Message from the County Superintendent
The world has changed.
A three-year old with an iPad now has more computing power at her fingertips than the planet’s most learned scholar had just a generation ago.
For educational institutions preparing students to thrive in the complex world of the 21st century, five trends are of particular relevance:
- The technological revolution reshaping and accelerating all aspects of society
- The closely-related information revolution
- The exponential increase in diversity across the United States, especially in California
- The globalization of economic systems
- The educational ascendency of other nations, illustrated by the fact that American students no longer lead the world in educational attainment
As educators, we are preparing our students to live in a world that is more complex and more connected than ever. A robust conversation is taking place around the question: What competencies will a student need in order to succeed and thrive in the 21st century?
The Partnership for 21st Century Skills, a collaborative bringing together leaders from industry and education, surveyed employers nation-wide and discovered that, in addition to a solid grasp of reading, writing, and arithmetic, and in addition to technological skills and specific career skills, all students would
need mastery of four competencies (identified as the 4Cs):
- Critical thinking and problem solving
- Creativity and innovation
Many thoughtful educators have come to recognize the importance of adding a fifth C:
The five Cs have been important to human thriving for generations. To thrive is to grow, to flourish, to reach one’s goals, to become all that one desires to be, and to be emotionally and physically healthy. Students who learn to think critically, act creatively, communicate effectively, collaborate generously, and act with character and integrity become contributing community members, citizens, and leaders. In the 21st century, students must learn these competencies in new contexts and apply them with new technologies. The world has changed. So must education.
Indeed, education is changing. Among the significant trends in education:
- An explosion of online, blended, and digital learning, corresponding to the technological revolution, giving students access to the extraordinary resources (and significant challenges) of the digital world.
- The growing emphasis on the need to prepare students for STEM careers (Science, Technology, Engineering, and Mathematics). STEM fields are the drivers of the new global economy and American students tend to lag behind their international peers in these fields. Some advocate for adding the Arts to the mix and referring to these as the “STEAM” careers.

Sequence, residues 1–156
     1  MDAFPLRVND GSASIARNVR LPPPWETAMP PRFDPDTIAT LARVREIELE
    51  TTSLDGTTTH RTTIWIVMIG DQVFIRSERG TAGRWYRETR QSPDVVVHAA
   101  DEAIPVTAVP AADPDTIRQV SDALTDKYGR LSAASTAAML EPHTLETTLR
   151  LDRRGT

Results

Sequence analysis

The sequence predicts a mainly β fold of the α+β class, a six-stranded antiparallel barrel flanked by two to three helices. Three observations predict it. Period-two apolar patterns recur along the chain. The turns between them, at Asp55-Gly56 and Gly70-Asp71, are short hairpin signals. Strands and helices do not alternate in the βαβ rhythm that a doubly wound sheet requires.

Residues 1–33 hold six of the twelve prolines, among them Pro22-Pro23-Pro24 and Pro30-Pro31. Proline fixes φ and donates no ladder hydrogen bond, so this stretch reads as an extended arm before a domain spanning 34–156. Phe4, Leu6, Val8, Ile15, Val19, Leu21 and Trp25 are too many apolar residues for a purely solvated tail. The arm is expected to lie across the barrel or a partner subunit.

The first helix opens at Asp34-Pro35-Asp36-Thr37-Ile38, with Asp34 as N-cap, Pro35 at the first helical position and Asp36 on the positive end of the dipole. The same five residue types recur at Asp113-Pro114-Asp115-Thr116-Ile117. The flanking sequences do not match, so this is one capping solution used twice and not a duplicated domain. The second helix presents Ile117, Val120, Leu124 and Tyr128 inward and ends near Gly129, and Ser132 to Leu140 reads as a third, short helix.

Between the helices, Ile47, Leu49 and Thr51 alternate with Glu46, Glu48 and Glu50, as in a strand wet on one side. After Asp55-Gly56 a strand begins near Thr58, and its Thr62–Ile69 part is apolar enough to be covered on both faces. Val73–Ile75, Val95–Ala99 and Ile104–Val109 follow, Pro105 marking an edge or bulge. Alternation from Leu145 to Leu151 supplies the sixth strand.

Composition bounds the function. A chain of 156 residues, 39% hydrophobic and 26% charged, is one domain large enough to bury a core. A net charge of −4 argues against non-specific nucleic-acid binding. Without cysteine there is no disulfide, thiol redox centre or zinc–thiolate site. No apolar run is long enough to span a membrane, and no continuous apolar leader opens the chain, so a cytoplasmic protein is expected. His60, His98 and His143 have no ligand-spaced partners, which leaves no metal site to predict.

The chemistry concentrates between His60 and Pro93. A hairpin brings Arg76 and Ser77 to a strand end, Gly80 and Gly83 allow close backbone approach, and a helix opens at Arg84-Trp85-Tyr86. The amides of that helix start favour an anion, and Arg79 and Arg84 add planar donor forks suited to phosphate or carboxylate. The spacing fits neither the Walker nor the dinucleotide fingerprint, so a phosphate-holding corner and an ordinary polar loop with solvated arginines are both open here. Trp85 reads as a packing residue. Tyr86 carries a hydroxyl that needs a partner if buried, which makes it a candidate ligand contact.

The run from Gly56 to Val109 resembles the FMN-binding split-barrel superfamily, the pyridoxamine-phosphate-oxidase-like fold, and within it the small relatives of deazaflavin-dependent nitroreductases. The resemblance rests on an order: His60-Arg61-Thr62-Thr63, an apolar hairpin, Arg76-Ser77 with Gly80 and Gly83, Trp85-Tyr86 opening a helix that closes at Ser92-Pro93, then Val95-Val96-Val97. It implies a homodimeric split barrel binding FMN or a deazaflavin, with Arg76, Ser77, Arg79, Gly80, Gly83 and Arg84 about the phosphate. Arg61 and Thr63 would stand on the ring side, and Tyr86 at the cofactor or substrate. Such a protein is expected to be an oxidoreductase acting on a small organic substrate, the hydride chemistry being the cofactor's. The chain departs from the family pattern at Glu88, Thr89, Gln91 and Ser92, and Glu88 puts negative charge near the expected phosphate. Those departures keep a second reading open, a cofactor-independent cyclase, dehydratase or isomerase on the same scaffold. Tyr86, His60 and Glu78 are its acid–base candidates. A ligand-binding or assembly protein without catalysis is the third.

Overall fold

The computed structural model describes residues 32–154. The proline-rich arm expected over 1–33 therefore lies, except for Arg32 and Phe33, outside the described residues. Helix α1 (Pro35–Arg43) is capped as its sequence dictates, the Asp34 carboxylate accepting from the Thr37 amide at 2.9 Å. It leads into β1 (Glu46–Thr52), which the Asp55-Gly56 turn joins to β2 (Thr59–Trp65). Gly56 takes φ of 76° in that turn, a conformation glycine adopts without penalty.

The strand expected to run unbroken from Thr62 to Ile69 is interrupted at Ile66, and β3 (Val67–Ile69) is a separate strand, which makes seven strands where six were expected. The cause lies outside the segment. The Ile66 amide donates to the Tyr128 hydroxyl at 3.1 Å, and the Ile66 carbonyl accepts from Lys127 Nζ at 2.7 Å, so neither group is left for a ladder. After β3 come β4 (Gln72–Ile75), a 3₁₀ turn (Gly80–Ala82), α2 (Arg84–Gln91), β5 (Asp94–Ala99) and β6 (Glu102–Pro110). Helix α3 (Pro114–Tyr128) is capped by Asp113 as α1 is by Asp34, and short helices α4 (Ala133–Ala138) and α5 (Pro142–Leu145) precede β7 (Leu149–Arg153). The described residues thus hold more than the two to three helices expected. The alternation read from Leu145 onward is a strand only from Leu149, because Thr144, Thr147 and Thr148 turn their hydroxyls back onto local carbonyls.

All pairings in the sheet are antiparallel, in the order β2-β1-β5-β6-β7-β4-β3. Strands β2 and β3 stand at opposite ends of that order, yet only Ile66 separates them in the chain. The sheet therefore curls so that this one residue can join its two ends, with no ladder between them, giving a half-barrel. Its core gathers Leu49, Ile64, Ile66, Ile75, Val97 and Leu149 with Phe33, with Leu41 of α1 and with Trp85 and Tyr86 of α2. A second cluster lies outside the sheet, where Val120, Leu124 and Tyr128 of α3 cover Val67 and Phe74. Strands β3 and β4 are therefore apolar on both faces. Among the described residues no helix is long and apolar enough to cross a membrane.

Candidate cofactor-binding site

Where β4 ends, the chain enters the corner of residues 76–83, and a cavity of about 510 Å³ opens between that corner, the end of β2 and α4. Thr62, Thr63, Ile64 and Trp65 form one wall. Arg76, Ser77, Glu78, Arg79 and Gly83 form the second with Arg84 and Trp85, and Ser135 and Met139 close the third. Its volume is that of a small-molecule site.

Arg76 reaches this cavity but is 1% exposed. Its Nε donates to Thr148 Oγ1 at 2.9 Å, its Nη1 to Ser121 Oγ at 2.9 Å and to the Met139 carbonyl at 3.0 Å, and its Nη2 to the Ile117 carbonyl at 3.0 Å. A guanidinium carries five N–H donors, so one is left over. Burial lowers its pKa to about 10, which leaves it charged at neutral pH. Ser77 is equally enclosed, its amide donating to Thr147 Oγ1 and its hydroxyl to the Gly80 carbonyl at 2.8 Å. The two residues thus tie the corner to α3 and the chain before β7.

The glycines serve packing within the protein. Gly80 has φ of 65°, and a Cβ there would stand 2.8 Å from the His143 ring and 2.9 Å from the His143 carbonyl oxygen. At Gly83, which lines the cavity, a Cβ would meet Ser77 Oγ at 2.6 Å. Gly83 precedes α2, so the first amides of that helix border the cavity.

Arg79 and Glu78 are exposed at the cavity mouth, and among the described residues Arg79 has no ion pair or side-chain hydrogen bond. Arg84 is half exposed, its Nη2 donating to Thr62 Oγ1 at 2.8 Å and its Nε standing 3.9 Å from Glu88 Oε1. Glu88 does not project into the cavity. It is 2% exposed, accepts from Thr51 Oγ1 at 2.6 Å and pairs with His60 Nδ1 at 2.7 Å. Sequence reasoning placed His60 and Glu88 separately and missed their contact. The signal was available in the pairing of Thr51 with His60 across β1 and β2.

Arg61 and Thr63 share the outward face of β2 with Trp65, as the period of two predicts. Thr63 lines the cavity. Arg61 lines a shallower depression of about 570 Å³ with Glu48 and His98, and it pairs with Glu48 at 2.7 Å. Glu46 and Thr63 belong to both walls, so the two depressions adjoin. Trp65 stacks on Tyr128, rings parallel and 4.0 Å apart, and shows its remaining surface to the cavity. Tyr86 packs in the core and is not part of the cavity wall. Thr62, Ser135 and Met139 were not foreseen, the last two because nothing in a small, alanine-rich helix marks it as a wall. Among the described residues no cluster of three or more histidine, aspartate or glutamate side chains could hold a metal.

- The emphasis on college and career readiness. In previous generations, students with a high school diploma (or less) might still find gainful employment in farming, manufacturing, retail, or the trades and earn a middle class income. With globalization, many of the lower-skill jobs previously available to Americans have been exported to other nations. Most new jobs that pay a living wage require at least some post-secondary education and many require a college degree. More critical than ever is a pre-K through grade 12 education that assures students are ready to succeed, without remediation, in higher education.
- Recognizing the need for change in education to keep pace with changes in technology, employment requirements, and the demands of a global economy, the State of California has adopted a series of new initiatives that are reshaping California education:
- Common Core State Standards
- Local Control Funding Formula
- Local Control and Accountability Plans
- Smarter Balanced Assessments
- Next Generation Science Standards
- English Language Development Standards
These social, economic, technological, and educational changes constitute the external situation in which the Orange County Department of Education (OCDE) must formulate its strategies for 2014-2019.
This Strategic Plan describes OCDE’s mission, values, vision, situation, strategic priorities, goals, and the key performance indicators we will use to track the progress of Orange County education and OCDE effectiveness over the next five years. I look forward to our work together to ensure that Orange County students lead the nation in college and career readiness and success.
Al Mijares, Ph.D.
County Superintendent of Schools